Brian Wilson Presents: The Best of Casey Blake

Casey Blake has retired. While some might think of him as the “veteran presence” the Dodgers acquired for Carlos Santana (Colletti!), Blake had his other moments.

Blake did have some good seasons with both Cleveland and Los Angeles, and went to the playoffs with both teams. He was rarely exceptional, but he generally provided good value for a guy who did not become a major-league regular until he was 29. In memory of his career, let’s look at his three biggest hits according to Win Probability Added.

Blake did play in 27 playoff games, but his three biggest hits according to WPA all came during the regular season. Somewhat surprisingly, none of them were home runs or even game-winning hits. All three came with the Dodgers (for Cleveland fans who are wondering — the fourth biggest was a Dodgers hit, too).

3. April 14, 2010. Neither the Dodgers nor Diamondbacks ended the 2010 season well, but this game was early enough in the season to retain that “spring feeling.” It was a back-and-forth affair, with the Dodgers taking the lead, then losing it. In the bottom of the ninth, the Dodgers were down 6-7. Manny Ramirez led off the inning with a double, and was promptly pinch-run for by Jamey Carroll. After James Loney struck out (plus ├ža change!), Casey Blake had his one hit out of six tries in the game, doubling in Carroll to tie the game (.424 WPA). Blake’s heroics ended up going for naught, as the Diamondbacks ended up taking the game in extra innings.


2. April 21, 2011. If Dodgers fans thought 2010 was tough… On this day, at least, they won. Blake did have a big home run in this game, a solo homer that broke a 1-1 tie with two outs in the bottom of the seventh against the Braves. However, that was not his biggest play of the game according to WPA. The Braves took a 3-2 lead in the top of the ninth. In the bottom of that inning, Jamey Carroll was on second with two outs. Blake singled him in (against Craig Kimbrel) for .427 WPA and tied up the game. While the Dodgers would not win the game until the bottom of the twelth on a Matt Kemp two-run homer (.313 WPA), Blake’s ninth-inning single was the WPA swing (on the Dodgers’ side) of the game.


1. April 15, 2010. Just a day after #3, Blake had his biggest (WPA) moment. Once again, it was not the game-winning hit. The Diamondbacks jumped ahead of the Dodgers 3-0, but the Dodgers tied the game up in the bottom of the seventh on a two-run dong. Arizona went back up 5-3 on a Justin Upton solo home run and, later, an error in the field by our hero. In the bottom of the ninth, the Dodgers pulled within one on a Manny Ramirez RBI. After James Loney got a hit (no, seriously), Blake singled in Manny Ramirez, and, as a bonus, Stephen Drew returned Blake’s earlier favor and committed an error, which allowed The Machine (a.k.a. James Loney) to score, as well, tying up the game. In a re-run of this blog entry, Ethier had the game winning-hit in extras, but Blake’s hit-plus-error was the Dodgers’ biggest WPA play of the game at .468.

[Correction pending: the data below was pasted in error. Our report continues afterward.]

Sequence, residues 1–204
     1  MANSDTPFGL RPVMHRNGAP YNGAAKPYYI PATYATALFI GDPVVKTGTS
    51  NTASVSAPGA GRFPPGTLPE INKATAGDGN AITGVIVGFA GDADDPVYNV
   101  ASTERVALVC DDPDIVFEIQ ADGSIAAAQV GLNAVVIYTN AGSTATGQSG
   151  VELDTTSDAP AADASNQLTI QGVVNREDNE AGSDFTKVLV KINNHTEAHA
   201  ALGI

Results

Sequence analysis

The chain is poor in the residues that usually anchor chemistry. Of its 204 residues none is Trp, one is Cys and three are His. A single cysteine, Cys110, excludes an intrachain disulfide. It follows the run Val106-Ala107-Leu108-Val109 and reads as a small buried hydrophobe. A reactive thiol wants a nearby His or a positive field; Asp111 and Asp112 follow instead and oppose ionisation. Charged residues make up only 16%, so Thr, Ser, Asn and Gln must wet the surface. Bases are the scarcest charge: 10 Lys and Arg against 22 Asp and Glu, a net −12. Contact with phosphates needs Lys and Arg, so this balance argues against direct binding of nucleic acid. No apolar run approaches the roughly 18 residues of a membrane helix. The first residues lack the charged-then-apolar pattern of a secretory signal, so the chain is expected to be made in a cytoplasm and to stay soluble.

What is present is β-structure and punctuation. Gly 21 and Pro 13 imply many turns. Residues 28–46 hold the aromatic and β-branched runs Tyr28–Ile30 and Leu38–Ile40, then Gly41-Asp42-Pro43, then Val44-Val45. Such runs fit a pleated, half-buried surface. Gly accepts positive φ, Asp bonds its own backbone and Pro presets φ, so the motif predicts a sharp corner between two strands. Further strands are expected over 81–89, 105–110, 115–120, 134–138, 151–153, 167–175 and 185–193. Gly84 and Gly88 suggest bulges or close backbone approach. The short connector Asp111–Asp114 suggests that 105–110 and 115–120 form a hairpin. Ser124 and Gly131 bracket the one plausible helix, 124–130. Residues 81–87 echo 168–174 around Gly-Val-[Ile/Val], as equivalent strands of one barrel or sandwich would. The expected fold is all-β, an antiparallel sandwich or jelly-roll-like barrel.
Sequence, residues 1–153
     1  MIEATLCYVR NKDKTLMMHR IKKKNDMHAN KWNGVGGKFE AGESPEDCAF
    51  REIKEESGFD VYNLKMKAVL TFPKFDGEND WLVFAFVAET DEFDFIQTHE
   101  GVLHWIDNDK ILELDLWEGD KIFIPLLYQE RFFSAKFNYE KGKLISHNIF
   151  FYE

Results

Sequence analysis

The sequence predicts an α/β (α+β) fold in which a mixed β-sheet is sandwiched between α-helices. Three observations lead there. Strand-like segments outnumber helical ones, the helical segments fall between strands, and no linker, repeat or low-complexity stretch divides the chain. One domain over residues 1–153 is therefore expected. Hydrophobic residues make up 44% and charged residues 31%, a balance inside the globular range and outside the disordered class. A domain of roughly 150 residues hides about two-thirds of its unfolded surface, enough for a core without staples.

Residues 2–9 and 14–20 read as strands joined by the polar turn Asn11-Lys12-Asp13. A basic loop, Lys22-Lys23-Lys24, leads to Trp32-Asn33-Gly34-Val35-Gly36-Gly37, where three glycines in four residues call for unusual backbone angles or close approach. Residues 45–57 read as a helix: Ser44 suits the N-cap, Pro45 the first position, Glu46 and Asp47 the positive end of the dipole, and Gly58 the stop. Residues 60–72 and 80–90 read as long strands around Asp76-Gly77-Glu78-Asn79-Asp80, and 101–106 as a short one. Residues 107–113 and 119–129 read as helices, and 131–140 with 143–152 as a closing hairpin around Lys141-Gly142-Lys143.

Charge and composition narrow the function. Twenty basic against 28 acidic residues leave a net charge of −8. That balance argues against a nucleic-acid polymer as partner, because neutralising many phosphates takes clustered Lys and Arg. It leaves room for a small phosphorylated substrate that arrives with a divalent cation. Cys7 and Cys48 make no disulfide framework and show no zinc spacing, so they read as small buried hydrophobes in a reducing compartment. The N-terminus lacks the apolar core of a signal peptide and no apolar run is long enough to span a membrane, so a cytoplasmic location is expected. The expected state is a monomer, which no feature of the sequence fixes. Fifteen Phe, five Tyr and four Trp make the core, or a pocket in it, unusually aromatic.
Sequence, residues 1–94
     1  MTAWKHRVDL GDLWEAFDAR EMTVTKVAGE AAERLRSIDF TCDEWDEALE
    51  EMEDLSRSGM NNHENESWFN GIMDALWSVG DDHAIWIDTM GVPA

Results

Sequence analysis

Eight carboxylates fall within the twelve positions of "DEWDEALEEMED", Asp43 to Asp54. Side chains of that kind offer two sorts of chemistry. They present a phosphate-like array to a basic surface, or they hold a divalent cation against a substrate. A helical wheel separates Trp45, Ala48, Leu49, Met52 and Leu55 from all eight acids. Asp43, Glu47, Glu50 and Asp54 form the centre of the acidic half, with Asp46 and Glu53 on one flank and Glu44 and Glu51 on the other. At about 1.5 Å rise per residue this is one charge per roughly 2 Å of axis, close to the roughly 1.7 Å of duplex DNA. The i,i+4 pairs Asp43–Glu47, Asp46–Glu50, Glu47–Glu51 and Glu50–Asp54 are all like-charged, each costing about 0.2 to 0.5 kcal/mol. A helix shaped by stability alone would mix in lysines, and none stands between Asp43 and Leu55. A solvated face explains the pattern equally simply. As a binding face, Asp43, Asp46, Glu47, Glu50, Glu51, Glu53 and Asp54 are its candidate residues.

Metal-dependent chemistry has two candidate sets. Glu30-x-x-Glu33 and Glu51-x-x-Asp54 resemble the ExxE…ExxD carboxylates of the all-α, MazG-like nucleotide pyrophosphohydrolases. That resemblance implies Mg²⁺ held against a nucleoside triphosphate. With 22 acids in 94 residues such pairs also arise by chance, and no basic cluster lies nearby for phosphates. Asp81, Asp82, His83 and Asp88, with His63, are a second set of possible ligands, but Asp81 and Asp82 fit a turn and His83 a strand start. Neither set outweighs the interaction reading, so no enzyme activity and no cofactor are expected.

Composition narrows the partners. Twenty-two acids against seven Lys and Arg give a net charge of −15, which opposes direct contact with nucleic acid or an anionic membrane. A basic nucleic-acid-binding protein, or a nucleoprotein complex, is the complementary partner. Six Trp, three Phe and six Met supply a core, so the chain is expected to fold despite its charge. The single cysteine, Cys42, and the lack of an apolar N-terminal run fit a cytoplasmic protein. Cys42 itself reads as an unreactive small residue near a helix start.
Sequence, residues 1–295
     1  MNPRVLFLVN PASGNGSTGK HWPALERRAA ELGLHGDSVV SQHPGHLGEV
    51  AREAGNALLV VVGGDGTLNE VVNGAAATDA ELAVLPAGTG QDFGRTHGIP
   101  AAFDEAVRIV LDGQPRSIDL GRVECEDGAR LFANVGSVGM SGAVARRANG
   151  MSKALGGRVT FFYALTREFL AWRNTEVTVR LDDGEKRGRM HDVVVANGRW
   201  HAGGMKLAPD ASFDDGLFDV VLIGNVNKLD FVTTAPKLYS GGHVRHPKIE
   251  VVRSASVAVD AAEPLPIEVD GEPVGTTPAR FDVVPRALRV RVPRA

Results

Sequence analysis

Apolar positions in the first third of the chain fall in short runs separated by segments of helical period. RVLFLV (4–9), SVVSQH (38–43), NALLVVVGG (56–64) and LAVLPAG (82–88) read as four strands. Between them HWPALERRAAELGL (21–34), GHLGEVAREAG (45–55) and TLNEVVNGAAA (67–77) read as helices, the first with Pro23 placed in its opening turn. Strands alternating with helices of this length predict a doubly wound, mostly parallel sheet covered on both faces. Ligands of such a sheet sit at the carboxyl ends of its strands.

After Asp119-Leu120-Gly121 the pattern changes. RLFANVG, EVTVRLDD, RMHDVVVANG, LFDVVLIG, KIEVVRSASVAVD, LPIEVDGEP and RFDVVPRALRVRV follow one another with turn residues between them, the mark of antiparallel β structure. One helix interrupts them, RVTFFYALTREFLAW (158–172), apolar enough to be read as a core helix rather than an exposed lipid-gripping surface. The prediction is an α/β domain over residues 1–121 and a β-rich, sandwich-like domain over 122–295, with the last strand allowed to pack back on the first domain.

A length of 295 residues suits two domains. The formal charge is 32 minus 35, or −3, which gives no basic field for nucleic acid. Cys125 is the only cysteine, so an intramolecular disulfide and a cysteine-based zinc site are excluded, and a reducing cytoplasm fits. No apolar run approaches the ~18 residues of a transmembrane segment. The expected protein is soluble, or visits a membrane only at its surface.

We hoped you liked reading Brian Wilson Presents: The Best of Casey Blake by Matt Klaassen!

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Matt Klaassen reads and writes obituaries in the Greater Toronto Area. If you can't get enough of him, follow him on Twitter.

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cable fixer
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cable fixer

question about the santana/blake deal. with what has come to light about the dodgers preference under mccourt to not take on payroll in these deals but rather absorb the cost in prospect form, should we be as severe in our judgment of colletti?

or is it one of those things where, if you’re giving up a future 4-6 WAR talent for a rent-a-player, well, there’s just no excuse unless the owner has a (figurative) gun to your head.

Sam
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Sam

Jon Weisman of Dodgerthoughts recently made the good point that, at the time in 2008, “Blake for $2 million and Jon Meloan (the other prospect in the Santana trade)” would have been far too one-sided in LA’s favor, given that Blake was one of the best-hitting 3B in the league in 2008 and Meloan was just a fringe relief prospect. Weisman indicated that it was far more likely that the deal was “Blake for $2 million and Carlos Santana,” and that Ned was forced to include Meloan in the deal instead of the $2 million due to orders from higher-ups. This is a reversal of the typical narrative of McCourt costing the Dodgers Santana, but is also a correction of the typical narrative of Ned Colleti getting bailed out from blame for one of his worst moves of all time, so I’m cool with it.

cable fixer
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cable fixer

interesting thanks!